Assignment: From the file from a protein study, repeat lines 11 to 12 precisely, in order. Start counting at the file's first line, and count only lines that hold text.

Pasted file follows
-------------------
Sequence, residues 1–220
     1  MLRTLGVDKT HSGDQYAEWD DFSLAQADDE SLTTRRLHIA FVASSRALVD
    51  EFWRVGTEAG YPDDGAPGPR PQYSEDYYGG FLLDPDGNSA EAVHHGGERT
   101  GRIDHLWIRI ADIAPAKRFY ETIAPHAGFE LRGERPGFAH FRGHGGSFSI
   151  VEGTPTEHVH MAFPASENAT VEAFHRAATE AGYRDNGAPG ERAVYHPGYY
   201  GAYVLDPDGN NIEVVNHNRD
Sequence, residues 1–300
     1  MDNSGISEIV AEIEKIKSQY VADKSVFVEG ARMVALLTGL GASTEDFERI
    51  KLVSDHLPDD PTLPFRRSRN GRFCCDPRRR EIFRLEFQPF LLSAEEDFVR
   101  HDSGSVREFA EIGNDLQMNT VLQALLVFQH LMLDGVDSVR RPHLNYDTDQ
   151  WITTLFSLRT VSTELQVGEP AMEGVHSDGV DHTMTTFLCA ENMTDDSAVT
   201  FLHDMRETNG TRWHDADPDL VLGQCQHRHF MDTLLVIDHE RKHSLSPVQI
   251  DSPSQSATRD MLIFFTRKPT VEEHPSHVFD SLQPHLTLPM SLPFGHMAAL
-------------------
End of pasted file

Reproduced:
   151  WITTLFSLRT VSTELQVGEP AMEGVHSDGV DHTMTTFLCA ENMTDDSAVT
   201  FLHDMRETNG TRWHDADPDL VLGQCQHRHF MDTLLVIDHE RKHSLSPVQI